Ghosts - FamilyEducation

Ghosts

February 20,2012
Professor Mom
Aliki McElreath

Aliki is a writer and college English teacher. She lives in North Carolina with her husband, two children (ages seven and ten), a dog, a cat, a rabbit, and too many fish.

This post was first published in March, 2008. I love going back and reading through old "house" posts. They give me a  chance to reclaim a lost part of myself, and my children's childhoods; plus, what better way to measure how far you've come on a journey, than by looking back at the starting point?

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Yesterday we had some friends come over for the afternoon, and they stayed for dinner. Because we went from ice and snow a week ago to 80-degree weather on Sunday, we headed out with them to a park we haven't been to in years. When we first moved to North Carolina, we rented a house for eight months in a neighborhood near the park. Those days now seem so far away, yet at the same time, close enough to touch. L. was only 13 months old when we first moved into the house--a blue two-story with cedar siding (and lots of woodpecker holes). I was a stay-at-home mom, trapped in suburbia for long, endless, often mind-numbing days without a car.

"What do you think about when you think about that old neighborhood?" my friend asked me in the car, on the way to the park.

What do I think about? I think back with nostalgia, of course, to those days when I was mama to a baby on the verge of toddlerhood. I think about L.'s stout little legs, and his dimpled hand in mine. I think about how wispy his hair was at the back of his neck, and how his cheeks puffed out in concentration when he tried to draw with a fat crayon clutched in one fist. But I also think about the tremendous isolation and frustration of those months. I see myself there in that house, alone, a solitary face at the window, looking out at Scott leaving for work in the morning, or at the group of moms and dads at the school bus stop on the corner. I think about being trapped in a house that wasn't really mine, in a city I didn't know or even like at that point, in a suburban neighborhood that seemed so vastly different from the one I had grown up in, and from the city neighborhoods of the upstate New York town we'd moved from. I think about the tremendous, eerie silence of the neighborhood streets, as I walked L. from one end of the neighborhood to the other, pushing a stroller, wondering where the other people were--the moms like me, someone to talk to, someone to listen to me.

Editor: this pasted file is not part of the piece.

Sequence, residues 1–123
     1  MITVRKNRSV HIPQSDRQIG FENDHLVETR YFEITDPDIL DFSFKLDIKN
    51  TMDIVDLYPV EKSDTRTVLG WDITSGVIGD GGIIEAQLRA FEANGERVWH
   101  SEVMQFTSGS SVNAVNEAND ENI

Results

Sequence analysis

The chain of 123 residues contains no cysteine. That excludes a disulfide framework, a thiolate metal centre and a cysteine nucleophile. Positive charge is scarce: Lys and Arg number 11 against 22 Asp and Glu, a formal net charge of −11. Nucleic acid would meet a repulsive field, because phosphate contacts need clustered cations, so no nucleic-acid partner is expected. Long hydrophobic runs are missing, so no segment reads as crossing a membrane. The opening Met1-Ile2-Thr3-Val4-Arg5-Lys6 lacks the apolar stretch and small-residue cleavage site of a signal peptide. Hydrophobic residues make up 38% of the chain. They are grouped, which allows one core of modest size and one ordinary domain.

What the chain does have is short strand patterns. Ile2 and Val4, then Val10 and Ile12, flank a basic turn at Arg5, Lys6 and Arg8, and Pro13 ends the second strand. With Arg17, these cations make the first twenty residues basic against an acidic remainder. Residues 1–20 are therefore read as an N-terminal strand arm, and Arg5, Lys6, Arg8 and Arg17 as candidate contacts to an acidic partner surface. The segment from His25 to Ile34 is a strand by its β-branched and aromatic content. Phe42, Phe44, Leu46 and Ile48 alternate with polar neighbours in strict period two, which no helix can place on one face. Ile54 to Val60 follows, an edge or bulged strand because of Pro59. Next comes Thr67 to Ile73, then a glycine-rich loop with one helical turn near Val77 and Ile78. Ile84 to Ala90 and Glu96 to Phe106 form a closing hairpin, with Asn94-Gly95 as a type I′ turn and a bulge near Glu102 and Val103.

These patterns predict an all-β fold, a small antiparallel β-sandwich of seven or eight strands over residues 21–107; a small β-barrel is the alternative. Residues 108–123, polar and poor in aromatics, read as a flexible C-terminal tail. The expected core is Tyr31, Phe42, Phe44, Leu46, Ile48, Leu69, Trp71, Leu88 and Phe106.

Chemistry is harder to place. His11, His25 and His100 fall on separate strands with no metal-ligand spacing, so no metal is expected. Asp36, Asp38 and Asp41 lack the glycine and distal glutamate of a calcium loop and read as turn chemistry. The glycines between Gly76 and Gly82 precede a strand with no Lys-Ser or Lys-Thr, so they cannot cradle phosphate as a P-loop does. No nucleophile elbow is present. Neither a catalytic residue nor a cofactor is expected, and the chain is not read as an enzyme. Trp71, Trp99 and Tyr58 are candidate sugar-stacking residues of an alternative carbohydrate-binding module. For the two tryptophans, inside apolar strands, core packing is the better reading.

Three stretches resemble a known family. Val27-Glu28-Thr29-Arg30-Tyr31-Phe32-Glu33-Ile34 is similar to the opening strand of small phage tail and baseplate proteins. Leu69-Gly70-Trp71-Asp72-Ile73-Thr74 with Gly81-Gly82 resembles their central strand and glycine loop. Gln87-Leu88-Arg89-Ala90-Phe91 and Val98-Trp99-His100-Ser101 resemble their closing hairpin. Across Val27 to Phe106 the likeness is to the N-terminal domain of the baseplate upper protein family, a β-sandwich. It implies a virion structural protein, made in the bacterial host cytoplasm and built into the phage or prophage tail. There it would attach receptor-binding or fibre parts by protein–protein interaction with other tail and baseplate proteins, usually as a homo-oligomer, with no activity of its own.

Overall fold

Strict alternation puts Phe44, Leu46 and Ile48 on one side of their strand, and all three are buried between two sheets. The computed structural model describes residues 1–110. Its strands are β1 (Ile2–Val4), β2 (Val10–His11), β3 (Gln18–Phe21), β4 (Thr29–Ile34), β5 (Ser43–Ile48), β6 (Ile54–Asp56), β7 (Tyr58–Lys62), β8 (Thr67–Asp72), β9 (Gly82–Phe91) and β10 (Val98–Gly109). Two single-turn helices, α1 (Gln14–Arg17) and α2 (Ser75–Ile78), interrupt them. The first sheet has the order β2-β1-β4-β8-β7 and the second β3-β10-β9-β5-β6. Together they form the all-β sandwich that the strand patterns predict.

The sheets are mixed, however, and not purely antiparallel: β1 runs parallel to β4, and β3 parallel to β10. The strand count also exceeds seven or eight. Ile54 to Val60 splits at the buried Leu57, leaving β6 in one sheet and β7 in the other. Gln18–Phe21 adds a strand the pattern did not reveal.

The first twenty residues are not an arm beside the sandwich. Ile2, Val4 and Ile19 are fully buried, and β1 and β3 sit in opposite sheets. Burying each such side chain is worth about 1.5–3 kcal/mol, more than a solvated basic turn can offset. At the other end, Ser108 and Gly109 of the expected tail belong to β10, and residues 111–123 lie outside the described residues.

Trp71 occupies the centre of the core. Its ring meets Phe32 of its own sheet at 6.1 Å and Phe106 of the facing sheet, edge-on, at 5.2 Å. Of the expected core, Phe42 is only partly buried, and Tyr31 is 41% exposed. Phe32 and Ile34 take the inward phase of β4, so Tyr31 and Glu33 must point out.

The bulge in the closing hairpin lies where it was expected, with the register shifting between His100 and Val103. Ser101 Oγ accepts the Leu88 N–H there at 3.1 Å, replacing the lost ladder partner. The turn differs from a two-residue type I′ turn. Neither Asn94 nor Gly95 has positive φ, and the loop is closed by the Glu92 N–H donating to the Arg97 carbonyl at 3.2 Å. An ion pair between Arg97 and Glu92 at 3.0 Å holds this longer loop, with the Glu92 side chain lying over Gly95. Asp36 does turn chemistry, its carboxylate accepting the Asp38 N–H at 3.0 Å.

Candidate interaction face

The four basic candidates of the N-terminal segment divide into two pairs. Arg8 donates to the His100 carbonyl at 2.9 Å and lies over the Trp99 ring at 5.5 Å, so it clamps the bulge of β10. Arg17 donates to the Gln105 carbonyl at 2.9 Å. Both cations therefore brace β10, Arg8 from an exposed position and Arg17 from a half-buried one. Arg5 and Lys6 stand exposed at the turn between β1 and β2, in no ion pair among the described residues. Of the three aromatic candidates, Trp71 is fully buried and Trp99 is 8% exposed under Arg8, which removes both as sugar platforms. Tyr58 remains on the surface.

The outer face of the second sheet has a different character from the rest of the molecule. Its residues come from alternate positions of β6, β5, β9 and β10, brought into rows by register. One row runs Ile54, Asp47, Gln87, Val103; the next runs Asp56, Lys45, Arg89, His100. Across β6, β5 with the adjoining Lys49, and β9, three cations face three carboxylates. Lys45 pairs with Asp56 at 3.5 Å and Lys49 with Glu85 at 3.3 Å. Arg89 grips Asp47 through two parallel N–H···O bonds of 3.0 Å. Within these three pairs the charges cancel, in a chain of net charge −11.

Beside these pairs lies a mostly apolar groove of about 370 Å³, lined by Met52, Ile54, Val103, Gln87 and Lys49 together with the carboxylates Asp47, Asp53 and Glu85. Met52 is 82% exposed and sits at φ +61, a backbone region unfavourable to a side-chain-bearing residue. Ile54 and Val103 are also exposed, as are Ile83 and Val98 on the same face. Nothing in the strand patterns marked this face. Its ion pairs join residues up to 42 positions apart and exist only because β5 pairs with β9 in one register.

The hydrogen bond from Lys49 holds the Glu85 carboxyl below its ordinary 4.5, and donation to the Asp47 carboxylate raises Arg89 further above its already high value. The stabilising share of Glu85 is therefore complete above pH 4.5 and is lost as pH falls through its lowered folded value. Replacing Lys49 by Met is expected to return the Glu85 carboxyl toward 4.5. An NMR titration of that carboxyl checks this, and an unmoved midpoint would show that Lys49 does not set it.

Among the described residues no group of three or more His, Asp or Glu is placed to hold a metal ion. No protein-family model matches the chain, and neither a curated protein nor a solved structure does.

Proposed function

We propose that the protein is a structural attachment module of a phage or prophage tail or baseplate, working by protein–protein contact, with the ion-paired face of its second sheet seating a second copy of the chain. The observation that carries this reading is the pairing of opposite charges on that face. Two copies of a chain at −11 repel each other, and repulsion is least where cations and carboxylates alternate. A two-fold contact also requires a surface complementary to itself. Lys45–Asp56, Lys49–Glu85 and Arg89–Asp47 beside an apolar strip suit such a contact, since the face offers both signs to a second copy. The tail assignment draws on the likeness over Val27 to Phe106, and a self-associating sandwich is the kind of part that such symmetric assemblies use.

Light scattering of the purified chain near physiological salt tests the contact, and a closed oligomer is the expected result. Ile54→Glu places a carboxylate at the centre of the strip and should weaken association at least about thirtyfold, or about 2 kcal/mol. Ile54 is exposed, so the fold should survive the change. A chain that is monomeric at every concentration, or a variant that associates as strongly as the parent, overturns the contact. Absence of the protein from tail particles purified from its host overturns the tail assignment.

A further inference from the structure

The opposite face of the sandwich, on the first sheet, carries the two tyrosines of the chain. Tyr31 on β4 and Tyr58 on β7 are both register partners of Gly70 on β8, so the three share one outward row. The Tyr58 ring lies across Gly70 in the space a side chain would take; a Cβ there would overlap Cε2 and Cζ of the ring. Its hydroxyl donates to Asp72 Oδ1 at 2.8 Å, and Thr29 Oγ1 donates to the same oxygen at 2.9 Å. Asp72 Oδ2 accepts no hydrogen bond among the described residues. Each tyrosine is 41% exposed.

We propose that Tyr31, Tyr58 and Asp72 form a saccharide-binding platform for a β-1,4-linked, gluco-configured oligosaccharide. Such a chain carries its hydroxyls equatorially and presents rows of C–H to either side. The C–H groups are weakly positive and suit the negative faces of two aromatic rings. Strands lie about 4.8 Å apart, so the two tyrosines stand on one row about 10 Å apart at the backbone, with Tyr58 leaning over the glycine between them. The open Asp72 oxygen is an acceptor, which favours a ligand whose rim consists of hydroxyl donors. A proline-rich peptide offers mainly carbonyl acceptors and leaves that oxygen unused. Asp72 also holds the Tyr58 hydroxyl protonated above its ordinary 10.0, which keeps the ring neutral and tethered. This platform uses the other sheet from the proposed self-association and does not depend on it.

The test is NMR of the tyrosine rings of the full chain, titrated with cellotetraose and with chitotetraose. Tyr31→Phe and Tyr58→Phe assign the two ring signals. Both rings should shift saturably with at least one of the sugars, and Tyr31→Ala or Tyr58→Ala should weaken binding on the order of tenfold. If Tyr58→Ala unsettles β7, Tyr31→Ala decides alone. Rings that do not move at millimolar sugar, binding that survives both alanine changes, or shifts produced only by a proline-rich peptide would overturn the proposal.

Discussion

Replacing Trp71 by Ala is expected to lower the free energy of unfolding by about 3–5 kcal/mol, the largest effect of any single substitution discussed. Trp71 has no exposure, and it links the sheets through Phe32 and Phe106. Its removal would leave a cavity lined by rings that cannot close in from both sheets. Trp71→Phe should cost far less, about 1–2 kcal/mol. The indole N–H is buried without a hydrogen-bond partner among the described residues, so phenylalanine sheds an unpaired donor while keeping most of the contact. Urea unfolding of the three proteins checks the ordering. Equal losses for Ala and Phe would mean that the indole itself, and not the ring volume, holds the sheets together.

On a whim on Sunday, I drove us back through the old neighborhood, and I stopped the car in front of the house we'd once rented. Maybe it's owned now, who knows? A boy's bicycle was on its side in the driveway, and in the backyard an intricate wooden play structure was standing on the very same spot where L. and I used to dig in the dirt and run his Tonka trucks up and down the tracks we made with his plastic shovels and rakes. I was glad to see a family in the house--to see it loved, but even after all these years, and two other houses later, I still felt a pang inside, a strange pull--a quick urge to walk up that driveway again, and up those wooden steps to the side porch, the way we had once done so many times. I had this crazy, half-formed notion I'd find us in the kitchen: L. in his highchair at the table and Scott and me moving about the kitchen, finding our rhythm again together after a day apart--his world of full-time teaching and colleagues and meetings coming home to meet (to clash with?) my world of Play-Doh and diapers and the turtle sandbox on the back porch. Maybe our cat would be there--curled up in the papasan chair, in a living room filled with toys we no longer have, and some we still do.

It's a funny feeling to drive away from your past like that; to blink away the ghosts of years ago and turn and find that they're still with you. Only now your baby-toddler is an eight-year-old boy, a stretched-out, beautiful version of the same baby you rocked for hours to sleep. And in the car next to him is a daughter you didn't even know you'd have one day, her face turned to the sun, her lashes impossibly long and curled.

What do I think about when I think about that house and that old neighborhood? I think about how life has changed and stayed comfortingly the same, too, even through challenges that family of three in the kitchen couldn't have foreseen. I think about how amazing it is that love can multiply the way it does--holding us up through the dark times, the good ones, and the everyday ones in-between, too.

Point A